We deem it uncertain which of the islands was the one at which Paul's shipwreck occurred. There is much plausibility in the reasoning employed by Dr. Hales--but they do not amount to proof. As to the statement that Malta was in the proper course from Crete for Rome we do not attach much importance thereto; because it is obvious that the ship was for many days driven before the storm: nor do we attach much importance to the traditions which the papists of Malta have established respecting Paul's shipwreck on their island. Of the facts of his shipwreck, the miraculous preservation of all the ship's company, and of the miracle wrought by Paul on the chief ruler of the island, where Paul and his companions found a place of refuge, and of the kindness shown by the islanders to Paul, we have no doubt, but as to which was the island where these events | occurred, we cannot with certainty tell. No doubt, however, it was an island either in the Mediterranean or the Adriatic. The most generally received opinion, however, is in favour of Malta being the island, to which reference is made in the first verse of the eighteenth chapter of the Acts of the Apostles.
DISOBEYING AND NOT DOING..
BY REV. JOSEPH ALLEN, D.D. THREE brothers, Abel, Matthew, and Robert, were one day throwing clubs against the branches of a large chestnut-tree which stood near their father's house. The tree was one of the original tenants of the soil, and Mr. Merwin had sense enough not to cut it down, when he cleared a spot in the forest and erected his dwelling. The chesnuts were ripe. The burs were opening, so that a blow on the branches of the tree would cause the chestnuts to fall out. The boys were obliged to have recourse to clubs, as the tree was very high, and its trunk so large that no one could climb it.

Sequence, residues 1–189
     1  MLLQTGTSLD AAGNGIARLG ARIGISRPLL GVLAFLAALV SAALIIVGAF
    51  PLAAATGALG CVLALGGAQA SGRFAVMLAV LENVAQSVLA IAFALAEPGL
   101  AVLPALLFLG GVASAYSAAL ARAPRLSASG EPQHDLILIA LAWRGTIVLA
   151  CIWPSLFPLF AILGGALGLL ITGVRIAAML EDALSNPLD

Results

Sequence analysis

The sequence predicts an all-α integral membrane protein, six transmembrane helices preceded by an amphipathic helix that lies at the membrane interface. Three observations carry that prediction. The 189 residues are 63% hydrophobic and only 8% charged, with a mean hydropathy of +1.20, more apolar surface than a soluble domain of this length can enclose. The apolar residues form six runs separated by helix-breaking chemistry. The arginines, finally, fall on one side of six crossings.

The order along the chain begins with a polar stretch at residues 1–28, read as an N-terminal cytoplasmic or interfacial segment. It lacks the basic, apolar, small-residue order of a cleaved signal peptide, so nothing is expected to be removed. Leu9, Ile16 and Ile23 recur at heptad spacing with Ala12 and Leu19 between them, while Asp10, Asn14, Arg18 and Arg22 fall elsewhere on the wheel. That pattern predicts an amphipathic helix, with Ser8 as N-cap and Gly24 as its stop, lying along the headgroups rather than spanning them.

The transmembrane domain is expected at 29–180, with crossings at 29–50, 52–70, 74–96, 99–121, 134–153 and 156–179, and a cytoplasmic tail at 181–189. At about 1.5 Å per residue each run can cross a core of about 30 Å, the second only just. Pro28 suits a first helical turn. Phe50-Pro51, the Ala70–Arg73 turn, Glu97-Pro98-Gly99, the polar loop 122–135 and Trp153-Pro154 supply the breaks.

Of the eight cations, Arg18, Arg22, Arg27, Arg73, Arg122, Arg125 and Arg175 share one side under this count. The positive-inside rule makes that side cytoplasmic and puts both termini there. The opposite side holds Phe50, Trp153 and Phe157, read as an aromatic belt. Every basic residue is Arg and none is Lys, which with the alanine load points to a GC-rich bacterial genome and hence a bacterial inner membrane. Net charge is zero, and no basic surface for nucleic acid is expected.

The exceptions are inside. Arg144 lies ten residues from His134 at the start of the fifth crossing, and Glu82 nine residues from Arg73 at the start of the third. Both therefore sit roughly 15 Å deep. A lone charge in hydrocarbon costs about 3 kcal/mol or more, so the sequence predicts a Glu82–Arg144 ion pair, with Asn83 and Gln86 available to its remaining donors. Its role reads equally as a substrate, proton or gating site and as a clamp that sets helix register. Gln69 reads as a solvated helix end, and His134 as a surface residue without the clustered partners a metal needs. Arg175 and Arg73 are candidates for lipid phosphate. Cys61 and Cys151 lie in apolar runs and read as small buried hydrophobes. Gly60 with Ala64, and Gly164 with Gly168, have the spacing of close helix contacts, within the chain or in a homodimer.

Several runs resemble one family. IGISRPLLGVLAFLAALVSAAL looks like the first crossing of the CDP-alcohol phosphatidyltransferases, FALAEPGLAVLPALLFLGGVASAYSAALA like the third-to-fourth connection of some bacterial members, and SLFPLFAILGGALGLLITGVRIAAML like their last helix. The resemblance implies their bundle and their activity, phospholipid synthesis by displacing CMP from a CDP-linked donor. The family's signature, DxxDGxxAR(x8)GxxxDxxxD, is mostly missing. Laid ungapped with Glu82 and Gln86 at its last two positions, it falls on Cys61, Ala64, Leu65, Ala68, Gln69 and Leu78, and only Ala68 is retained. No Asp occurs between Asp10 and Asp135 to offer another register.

Mr. Merwin came out of the house, and seeing what his boys were doing, said, “Boys, you must not throw any more-there is great danger of breaking the windows, and some of breaking your own heads. Let them alone for a few days, and the burs will open, and the chestnuts will drop out of themselves, and you will have nothing to do but to pick them up."
He then passed on and was soon out of sight. The boys stood eyeing the tempting fruit. At length Matthew, who was next to the oldest, said, “Let us have one more throw apiece.”
“Father told us not,” said Abel, who was the youngest.
“He didn't say we shouldn't throw once more,” said Matthew.
“He said we must not throw any more,” said Abel.
“Well he didn't mean that we shouldn't throw once more.”
“I don't know what he meant, I know what he said.”
“Well, I'm going to throw once more, anyhow : are you not going too, Robert ?”
“No, I think not-he told us to stop,” said Robert.
“Only once more-don't be afraid, if Abel is,” said Matthew.